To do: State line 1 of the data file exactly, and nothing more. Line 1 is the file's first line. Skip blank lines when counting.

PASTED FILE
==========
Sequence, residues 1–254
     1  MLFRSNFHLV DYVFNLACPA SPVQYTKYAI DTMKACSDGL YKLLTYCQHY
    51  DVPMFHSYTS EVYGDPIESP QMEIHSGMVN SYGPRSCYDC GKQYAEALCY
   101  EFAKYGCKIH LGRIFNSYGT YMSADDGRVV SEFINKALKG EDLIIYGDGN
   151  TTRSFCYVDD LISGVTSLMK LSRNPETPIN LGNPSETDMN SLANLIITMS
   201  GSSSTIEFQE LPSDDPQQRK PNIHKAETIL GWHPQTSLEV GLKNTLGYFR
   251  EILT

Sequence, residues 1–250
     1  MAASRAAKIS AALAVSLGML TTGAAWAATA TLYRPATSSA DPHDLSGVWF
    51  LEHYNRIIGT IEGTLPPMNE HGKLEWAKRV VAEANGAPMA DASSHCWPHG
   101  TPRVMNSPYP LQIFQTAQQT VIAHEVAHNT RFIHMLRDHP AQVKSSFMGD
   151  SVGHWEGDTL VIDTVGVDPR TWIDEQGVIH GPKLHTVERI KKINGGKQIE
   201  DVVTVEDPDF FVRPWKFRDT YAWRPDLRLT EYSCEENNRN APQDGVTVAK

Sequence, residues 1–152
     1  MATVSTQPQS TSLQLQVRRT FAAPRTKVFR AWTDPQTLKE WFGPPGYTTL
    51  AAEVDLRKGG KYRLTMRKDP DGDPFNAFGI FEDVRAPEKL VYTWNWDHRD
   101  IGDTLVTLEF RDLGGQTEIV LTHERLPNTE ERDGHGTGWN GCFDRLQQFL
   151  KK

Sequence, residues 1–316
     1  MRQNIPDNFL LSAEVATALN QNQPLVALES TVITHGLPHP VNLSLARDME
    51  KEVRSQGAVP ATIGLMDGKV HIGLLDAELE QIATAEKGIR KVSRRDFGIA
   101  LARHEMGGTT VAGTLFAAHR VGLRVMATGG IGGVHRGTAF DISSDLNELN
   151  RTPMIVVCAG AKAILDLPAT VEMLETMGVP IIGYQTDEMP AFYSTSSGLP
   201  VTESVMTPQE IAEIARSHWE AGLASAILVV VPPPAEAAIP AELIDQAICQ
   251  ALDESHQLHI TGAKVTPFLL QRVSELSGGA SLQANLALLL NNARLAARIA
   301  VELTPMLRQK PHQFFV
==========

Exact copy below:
Sequence, residues 1–254